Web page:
J. Rayle indicated the Senate had three options, to vote the proposal up or down and/or also require that the proposal go to a full referendum for the faculty.��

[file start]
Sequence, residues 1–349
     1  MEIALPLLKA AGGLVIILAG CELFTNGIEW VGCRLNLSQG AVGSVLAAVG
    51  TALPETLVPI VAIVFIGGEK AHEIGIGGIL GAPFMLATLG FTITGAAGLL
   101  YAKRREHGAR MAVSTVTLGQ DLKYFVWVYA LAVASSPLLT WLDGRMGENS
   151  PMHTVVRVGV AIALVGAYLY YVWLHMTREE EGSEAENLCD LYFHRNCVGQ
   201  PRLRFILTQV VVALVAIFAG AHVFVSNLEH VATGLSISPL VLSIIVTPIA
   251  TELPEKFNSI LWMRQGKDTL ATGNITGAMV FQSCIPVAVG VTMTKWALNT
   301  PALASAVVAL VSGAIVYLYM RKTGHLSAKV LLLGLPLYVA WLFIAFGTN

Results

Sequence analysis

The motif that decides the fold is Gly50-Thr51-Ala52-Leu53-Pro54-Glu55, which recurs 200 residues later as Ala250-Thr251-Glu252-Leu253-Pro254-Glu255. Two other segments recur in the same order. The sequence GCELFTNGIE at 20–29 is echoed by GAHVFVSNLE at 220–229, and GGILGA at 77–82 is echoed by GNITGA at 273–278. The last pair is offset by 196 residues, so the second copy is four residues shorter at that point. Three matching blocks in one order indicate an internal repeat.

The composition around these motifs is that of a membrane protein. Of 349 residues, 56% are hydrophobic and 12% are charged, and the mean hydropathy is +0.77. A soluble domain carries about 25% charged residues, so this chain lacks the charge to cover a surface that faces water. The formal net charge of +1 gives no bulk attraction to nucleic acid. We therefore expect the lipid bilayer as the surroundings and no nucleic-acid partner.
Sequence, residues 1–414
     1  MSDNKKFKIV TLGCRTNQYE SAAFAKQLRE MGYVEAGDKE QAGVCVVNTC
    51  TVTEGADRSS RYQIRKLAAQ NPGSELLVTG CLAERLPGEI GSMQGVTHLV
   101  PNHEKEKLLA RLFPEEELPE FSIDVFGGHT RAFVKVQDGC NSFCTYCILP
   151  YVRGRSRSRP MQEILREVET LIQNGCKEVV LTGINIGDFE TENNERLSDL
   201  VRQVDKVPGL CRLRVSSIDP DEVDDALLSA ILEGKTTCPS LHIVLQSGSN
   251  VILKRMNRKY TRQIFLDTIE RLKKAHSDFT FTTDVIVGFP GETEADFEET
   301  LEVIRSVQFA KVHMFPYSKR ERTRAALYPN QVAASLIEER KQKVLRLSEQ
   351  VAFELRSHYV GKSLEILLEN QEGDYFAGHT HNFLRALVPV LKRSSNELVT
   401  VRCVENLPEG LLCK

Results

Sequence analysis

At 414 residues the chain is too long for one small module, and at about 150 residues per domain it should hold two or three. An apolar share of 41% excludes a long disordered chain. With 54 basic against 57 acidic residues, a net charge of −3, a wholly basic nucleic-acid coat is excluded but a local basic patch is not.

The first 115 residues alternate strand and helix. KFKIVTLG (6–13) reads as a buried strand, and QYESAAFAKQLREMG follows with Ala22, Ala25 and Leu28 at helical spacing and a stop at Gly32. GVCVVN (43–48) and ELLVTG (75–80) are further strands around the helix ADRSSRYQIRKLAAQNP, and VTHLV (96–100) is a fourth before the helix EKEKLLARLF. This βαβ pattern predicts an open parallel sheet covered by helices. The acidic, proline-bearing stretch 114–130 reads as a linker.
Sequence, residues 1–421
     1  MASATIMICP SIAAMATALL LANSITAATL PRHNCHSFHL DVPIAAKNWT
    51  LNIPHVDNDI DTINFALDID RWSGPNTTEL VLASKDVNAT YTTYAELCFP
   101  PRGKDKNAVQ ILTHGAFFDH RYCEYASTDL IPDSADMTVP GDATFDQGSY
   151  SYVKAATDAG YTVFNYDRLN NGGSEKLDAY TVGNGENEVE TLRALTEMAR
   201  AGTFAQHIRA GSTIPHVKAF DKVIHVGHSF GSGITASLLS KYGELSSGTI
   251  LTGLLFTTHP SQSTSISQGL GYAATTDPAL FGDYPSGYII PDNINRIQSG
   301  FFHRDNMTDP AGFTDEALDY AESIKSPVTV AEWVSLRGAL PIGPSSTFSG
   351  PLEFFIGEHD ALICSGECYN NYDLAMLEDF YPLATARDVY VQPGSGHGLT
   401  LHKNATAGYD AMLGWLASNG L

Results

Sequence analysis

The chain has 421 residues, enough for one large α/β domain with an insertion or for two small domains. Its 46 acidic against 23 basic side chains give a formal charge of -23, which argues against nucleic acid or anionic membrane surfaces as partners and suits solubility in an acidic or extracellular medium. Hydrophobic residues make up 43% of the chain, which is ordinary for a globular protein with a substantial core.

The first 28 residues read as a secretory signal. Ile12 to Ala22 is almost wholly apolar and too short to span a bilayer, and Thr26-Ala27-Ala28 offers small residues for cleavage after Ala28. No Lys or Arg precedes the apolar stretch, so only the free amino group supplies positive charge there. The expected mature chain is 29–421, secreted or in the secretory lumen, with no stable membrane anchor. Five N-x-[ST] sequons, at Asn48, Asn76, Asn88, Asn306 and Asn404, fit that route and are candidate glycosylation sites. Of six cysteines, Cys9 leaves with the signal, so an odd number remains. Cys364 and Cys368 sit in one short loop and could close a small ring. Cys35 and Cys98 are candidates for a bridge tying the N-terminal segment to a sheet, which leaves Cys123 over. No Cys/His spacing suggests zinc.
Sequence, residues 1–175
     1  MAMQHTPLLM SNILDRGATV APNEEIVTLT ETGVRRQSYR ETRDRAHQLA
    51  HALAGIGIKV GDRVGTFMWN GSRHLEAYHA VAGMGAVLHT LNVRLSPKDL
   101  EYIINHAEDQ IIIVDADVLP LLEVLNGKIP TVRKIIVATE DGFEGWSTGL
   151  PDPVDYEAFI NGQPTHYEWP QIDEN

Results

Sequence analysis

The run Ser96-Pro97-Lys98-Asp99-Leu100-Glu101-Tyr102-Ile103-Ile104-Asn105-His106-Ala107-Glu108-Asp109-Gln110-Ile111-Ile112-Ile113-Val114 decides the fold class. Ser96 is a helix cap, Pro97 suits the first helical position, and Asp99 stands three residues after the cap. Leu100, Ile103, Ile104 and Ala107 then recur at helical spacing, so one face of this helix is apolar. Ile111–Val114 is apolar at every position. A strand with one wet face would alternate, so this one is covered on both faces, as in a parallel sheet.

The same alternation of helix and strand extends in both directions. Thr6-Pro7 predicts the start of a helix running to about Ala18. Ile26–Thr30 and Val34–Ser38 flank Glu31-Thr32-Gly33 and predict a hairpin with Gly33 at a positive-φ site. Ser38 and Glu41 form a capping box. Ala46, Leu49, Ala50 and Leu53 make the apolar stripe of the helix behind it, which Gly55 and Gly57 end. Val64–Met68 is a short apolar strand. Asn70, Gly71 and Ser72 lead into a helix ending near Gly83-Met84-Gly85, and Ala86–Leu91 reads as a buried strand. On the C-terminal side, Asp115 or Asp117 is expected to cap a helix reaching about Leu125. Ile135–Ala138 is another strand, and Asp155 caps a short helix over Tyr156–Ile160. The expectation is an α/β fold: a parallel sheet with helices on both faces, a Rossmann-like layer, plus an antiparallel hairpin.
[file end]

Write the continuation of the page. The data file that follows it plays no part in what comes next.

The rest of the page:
M. Prus stated, �I would like to add to what the Provost just said.In comments others have made previously it seems to be a conneciton as to what is percevied as a broadening of categories and needs to general curriculum development and to add courses to alleviate bottlenecks. Many of the speakers were absolutely correct, it leads to the case of the natural science category. There hasn�t been a bottleneck. There are sufficient A and B courses to accommodate our students.I think that the connection between broadening as perceived of categories and development of new courses in order to create more opportunities for students is specious in some respects. There is another sense in which broadening of categories is being done to accommodate the needs of students.That is that by creating or defining the second category as one in which students would reveive additional breadth and depth in the science disciplines and not have four hour lab requirements and a traditional grounding in one of the natural sciences we have attempted to create opportunities for transfer students to meet that part of their science requirement. And in doing so we would not impede their graduation more than we already do. I think Donna can probably address that as well if she wants to.As professor Governali pointed, out the work of the task force was one in which over two years time there were significant compromises made and that was one that was considered.�